Editorial: Students cheated over 2001 A.S.P. referendum

    In 2001, A.S. councilmembers asked students to increase their own fees by nearly $60,000 each year to pay for the Academic Success program, which provides mentoring and book rental for low-income students. And students agreed.

    Now, four years later, A.S.P. has seen only a fraction of the money, and a large portion has been co-opted by the council to pay for other things, like college festivals. Last year, senators voted to give the program $42,000 — diverting the remaining $20,000 for other purposes. However, A.S.P. didn’t even spend that amount, with as much as $15,000 left over at the end of this year, according to A.S. Vice President Finance Greg Murphy.

    The students, who thought they were voluntarily helping a worthy cause, must receive an explanation. The A.S. financial controller should carry out an immediate and transparent audit, showing what almost a quarter of a million dollars since 2001 has been spent on. For its part, the A.S. Council must demand accountability by requiring A.S.P. to submit a line-item spending plan each spring, prior to the annual budget allocations.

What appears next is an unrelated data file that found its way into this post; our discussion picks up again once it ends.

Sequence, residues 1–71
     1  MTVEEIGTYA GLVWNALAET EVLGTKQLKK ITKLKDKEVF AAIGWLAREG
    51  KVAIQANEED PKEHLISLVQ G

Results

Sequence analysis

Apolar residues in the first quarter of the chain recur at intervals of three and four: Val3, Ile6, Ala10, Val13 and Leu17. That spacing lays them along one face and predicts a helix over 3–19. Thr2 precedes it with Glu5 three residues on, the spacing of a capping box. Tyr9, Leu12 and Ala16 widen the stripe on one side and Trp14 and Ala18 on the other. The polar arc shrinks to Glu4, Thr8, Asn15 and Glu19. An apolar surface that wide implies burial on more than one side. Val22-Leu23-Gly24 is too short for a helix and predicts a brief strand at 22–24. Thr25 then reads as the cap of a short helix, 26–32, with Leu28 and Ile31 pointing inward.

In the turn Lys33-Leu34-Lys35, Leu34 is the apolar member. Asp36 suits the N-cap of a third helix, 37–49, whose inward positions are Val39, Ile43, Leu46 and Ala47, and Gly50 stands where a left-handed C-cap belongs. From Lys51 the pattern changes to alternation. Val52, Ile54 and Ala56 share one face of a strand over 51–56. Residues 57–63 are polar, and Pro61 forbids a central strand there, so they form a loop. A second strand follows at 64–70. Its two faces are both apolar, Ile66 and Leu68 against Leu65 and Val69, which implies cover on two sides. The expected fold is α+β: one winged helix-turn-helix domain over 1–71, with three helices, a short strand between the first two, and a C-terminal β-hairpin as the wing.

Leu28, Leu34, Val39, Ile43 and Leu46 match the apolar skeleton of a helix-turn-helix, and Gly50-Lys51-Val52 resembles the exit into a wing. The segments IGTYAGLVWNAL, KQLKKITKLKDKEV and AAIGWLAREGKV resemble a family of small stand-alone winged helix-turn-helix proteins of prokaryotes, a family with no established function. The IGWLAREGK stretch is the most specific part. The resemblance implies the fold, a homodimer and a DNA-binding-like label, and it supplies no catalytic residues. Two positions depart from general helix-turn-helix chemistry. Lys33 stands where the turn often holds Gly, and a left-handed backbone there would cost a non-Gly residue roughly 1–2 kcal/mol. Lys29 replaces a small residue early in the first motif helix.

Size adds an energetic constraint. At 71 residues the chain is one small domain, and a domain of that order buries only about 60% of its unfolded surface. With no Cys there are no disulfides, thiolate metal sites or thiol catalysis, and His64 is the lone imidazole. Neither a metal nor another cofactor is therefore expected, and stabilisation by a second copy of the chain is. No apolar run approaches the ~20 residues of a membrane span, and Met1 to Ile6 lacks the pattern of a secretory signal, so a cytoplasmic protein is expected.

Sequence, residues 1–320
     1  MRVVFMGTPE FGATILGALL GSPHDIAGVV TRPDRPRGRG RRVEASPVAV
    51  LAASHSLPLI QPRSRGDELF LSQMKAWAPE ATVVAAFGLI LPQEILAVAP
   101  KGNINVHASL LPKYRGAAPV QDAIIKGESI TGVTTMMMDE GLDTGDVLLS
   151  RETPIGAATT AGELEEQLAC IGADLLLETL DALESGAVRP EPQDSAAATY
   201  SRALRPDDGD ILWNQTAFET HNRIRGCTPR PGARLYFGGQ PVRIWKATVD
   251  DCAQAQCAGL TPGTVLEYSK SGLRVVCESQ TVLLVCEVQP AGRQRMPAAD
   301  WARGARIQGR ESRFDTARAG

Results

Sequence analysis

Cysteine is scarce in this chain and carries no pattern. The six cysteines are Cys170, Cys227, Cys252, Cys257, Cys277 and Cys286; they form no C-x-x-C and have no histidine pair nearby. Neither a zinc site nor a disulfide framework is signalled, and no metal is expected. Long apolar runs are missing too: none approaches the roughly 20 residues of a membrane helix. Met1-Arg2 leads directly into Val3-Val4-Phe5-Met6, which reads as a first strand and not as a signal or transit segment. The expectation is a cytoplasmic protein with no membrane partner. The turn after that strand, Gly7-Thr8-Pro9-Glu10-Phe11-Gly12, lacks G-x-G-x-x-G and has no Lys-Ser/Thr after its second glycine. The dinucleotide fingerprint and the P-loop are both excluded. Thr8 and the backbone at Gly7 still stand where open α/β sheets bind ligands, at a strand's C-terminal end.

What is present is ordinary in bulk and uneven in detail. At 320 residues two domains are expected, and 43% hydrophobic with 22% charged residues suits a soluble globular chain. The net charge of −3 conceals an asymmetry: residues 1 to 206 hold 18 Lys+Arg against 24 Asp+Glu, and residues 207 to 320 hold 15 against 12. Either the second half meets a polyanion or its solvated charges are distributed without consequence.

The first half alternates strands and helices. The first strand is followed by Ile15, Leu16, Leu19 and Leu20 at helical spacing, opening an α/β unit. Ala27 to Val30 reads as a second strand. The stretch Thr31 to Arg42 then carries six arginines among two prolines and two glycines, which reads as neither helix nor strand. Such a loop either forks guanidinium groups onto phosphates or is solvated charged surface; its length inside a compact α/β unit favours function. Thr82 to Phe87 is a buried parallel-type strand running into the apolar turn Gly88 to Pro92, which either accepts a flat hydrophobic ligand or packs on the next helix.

Students deserve no less: They should reject any new referenda that do not include a detailed spending plan, unless they are marketed as general fees increase.

    Clearly, something has gone wrong. The breakdown could be in leadership, with the A.S.P. executive director failing to expand the program as students asked. Or the problem could be with the referendum process itself, in which students vote on ill-conceived and ill-planned measures.

    Either way, students deserve an explanation before agreeing to vote on any new fee increase.

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